I am new to the URC and have already been blessed by my experience of a Christian denomination and tradition that, if I’m honest, I didn’t know much about before. One of the things that has really made an impression on me has been the ‘creation story’ of the URC. Nearly fifty years ago two branches of the Church in England came together to create something new. I imagine this was not an easy process for many people, even with a sense of pressing need that something had to be done and the ecumenical vision for the Church to be more united. But you did it.
Bringing two different groups together, trying to unite them, requires a certain amount of sacrifice on all sides. Everyone needs to be willing to give things up, to let go of things that have probably been precious and important to them. This is especially so in the context of faith and worship where our practices and habits connect directly with our own experience of God.
Letting go of important (even holy) practices and ideas is nothing new in the history of the Church. The first Jewish Christians had to do the same as they tried to work out what it might look like for a lot of non-Jews to follow Jesus. They accepted huge change around what was considered spiritually correct or holy, for example in relation to circumcision (Acts 15), for the sake of the faith of the new believers.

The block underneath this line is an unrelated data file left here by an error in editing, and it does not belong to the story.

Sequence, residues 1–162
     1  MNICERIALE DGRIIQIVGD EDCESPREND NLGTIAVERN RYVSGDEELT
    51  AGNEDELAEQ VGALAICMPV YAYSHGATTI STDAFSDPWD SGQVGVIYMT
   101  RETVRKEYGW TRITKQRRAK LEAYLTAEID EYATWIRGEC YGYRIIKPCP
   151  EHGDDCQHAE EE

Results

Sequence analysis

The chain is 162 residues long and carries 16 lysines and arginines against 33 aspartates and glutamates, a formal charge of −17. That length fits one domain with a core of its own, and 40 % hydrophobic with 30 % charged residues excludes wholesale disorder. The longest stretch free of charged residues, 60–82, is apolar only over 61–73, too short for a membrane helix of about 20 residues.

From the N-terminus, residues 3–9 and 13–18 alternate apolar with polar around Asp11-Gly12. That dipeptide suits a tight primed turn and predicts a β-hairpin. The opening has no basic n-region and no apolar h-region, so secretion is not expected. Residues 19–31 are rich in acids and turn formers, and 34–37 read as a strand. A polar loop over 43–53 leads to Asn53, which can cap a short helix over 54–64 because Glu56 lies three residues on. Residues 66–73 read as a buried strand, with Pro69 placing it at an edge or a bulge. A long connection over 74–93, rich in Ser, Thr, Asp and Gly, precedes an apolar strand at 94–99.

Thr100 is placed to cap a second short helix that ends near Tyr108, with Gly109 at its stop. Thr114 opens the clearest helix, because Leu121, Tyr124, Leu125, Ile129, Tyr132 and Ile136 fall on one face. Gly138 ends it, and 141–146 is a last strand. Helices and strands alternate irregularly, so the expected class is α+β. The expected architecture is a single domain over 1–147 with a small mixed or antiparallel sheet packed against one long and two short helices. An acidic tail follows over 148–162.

‘Giving something up’ is a common personal practice during Lent, it can be a helpful way to focus more on God. Perhaps we could do something similar in our congregational life? Are there things (certain habits, practices or ideas – things that might be precious, important, or even holy) that it might be helpful to give up, or let go of, because they may be things that get in the way of other people finding their place with God?
I wonder what might we be willing to let go of, or change, for the sake of the children, young people, visitors, searchers, friends or strangers who we want to know the love of God? This is not easy, in fact it can be extremely difficult and painful sometimes. But a willingness to ‘let go’ was part of the birth of the URC and is still vital today for our ongoing life and worship and for the faith of new people coming to Christ.
(Children and Youth Team)